The 88 volunteers from Oxford University Hospitals (OUH) NHS Foundation Trust who have taken part in the Primary Trauma Care and orthopaedic surgical training courses in sub-Saharan Africa were asked six months after their return to the UK to complete a questionnaire. Most of those who responded said their overseas experience had improved their practice within the NHS.
The study – 'Is overseas volunteering beneficial to the NHS? The analysis of volunteers' responses to a feedback questionnaire following experiences in low-income and middle-income countries' - was published in the BMJ.
The medics – who included consultant and registrar surgeons and anaesthetists - were taking part in the COSECSA Oxford Orthopaedic Link (COOL), a partnership programme between the College of Surgeons of East, Central and Southern Africa (COSECSA) and the University of Oxford's Nuffield Department of Orthopaedics, Rheumatology and Musculoskeletal Sciences (NDORMS).
The aim of the programme is to strengthen research and training in trauma and musculoskeletal impairment in 10 sub-Saharan countries: Burundi, Ethiopia, Kenya, Tanzania, Uganda, Rwanda, Malawi, Mozambique, Zambia and Zimbabwe. Since it was set up in 2012, COOL has delivered more than 60 surgery and care training courses.
One of the directors of the COOL programme is Professor Chris Lavy, who first went to Malawi in 1996, when there were no consultant orthopaedic surgeons in the country. There are now 12.
During his time in Africa, he set up two orthopaedic teaching hospitals – one each in Malawi and Zambia – as well as helping to set up national orthopaedic surgical and clinical officer training programmes in Malawi, and an international clubfoot treatment programme that now covers more than 15 countries.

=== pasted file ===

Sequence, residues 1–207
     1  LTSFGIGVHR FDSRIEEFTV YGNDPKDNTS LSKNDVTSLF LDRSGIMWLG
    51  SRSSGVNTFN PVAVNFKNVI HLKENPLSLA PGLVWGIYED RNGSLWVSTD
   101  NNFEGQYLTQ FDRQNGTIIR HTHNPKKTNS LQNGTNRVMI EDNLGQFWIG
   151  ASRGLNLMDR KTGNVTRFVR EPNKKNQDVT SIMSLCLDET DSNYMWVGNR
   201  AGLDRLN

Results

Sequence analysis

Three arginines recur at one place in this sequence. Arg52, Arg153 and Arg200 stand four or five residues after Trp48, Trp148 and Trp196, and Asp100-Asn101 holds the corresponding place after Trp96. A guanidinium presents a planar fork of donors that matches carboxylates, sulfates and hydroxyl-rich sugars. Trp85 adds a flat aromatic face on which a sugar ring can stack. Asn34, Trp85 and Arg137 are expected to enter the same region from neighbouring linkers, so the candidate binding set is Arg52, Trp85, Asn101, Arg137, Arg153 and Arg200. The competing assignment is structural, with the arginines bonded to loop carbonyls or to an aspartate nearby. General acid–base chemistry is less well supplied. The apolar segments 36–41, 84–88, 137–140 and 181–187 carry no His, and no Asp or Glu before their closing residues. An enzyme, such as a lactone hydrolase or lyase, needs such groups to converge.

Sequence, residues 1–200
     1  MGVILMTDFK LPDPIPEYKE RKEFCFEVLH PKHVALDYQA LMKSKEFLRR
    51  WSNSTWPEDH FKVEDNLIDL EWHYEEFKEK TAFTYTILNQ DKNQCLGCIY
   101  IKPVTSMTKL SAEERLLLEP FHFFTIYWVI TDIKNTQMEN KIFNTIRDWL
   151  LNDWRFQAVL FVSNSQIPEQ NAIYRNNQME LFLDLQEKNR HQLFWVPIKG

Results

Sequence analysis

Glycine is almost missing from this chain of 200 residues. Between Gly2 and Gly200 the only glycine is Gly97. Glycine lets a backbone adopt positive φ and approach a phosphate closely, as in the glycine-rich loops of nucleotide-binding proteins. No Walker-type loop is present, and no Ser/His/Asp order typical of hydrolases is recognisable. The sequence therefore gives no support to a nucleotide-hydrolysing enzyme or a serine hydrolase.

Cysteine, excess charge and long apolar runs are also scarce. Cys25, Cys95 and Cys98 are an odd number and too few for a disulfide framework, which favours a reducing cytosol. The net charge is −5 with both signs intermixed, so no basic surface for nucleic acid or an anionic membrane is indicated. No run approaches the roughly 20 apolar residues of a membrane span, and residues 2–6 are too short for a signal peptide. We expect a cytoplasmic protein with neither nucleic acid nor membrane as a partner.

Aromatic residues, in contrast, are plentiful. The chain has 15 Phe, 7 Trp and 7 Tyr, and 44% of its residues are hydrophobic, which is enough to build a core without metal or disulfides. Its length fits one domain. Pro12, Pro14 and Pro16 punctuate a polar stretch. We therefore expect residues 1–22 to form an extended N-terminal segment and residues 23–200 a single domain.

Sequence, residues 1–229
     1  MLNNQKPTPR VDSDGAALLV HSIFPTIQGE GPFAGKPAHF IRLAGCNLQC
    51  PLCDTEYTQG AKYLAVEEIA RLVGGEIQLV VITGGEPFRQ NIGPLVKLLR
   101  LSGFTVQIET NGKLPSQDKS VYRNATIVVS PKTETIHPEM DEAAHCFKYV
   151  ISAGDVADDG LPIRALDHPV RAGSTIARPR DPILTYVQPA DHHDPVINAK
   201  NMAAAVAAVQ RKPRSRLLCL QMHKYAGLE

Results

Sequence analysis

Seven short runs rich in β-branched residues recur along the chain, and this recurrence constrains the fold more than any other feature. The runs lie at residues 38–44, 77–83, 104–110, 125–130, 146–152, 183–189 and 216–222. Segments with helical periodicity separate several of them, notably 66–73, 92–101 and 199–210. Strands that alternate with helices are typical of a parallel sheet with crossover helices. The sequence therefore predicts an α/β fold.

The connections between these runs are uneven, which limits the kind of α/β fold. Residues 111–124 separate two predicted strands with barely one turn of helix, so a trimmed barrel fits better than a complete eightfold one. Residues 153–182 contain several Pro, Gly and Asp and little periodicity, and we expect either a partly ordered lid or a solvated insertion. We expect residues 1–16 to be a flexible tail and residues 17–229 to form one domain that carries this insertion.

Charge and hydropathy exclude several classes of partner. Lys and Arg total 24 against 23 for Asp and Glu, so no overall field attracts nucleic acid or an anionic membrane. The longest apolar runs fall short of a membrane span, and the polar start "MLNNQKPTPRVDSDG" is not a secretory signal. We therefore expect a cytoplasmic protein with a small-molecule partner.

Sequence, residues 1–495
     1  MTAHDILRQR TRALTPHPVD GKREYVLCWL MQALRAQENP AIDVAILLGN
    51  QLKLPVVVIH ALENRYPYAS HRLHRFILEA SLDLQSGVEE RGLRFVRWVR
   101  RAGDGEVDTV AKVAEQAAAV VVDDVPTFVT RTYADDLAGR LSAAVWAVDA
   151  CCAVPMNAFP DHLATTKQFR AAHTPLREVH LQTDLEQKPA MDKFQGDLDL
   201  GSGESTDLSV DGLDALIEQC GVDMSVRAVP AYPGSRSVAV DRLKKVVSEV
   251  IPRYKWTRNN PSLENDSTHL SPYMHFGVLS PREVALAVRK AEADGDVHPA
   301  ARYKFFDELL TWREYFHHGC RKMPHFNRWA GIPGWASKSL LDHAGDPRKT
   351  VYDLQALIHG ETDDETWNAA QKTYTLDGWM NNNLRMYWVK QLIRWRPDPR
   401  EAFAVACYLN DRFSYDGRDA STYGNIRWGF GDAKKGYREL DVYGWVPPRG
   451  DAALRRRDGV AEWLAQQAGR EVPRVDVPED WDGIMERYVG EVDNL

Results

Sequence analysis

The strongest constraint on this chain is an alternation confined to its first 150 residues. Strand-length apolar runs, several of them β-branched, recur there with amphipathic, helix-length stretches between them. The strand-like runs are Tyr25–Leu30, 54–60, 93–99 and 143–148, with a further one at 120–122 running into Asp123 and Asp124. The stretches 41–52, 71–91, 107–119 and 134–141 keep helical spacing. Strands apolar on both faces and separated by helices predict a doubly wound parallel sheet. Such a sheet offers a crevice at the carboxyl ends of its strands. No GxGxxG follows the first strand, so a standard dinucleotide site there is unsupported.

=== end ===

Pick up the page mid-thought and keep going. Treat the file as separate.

"It's really pleasing to see that around a third of consultants at the NOC have taken part in the COOL programme, often using their annual leave to travel to Africa and deliver this training," Prof Lavy said.
"Over the years we have seen the advantages of this scheme on the health services of the host nations. There are an estimated five billion people in the world who can't access safe, affordable, timely surgery, so sharing our expertise with colleagues in Africa has obvious benefits. Many of our trainees have told us how much more confident they are treating their patients, which is important when they are working in isolated outreach clinics.
"But in this study, we wanted to see what the effect was on the professional development of NHS staff. We used the Knowledge and Skills Framework (KSF) and Leadership Framework (LF), two tools that are recognised by employers as a measure of this."
Eighty-five of the 88 NHS volunteers who participated in the initiative responded to the questionnaire. The results demonstrated clearly that their overseas volunteering experience improved their practice within the NHS.
"Surgeons in training and patients are the same the world over," said Mr Max Gibbons, a Consultant Orthopaedic Surgeon who took part in a hip and knee course in Zambia.
"What these courses give to all of us is a greater understanding of how we all share the same problems. It is an opportunity to share our surgical experiences, which is of great benefit to all our patients."
Prof Lavy added: "What we found was that many of the volunteers have come back from working in these challenging settings with improved leadership and communications skills, as well as better self-awareness and an increased motivation to deliver a good service.
"This study shows that the skills gained while volunteering abroad are valuable for professionals working in the NHS, and suggest that such overseas service should be recommended as an important part of a consultant's or registrar's professional development," Prof Lavy said.
The COOL programme is funded through two grants from the Health Partnership Scheme, which is funded by the UK Department for International Development (DFID) for the benefit of the UK and partner country health sectors and managed by the Tropical Health Education Trust (THET).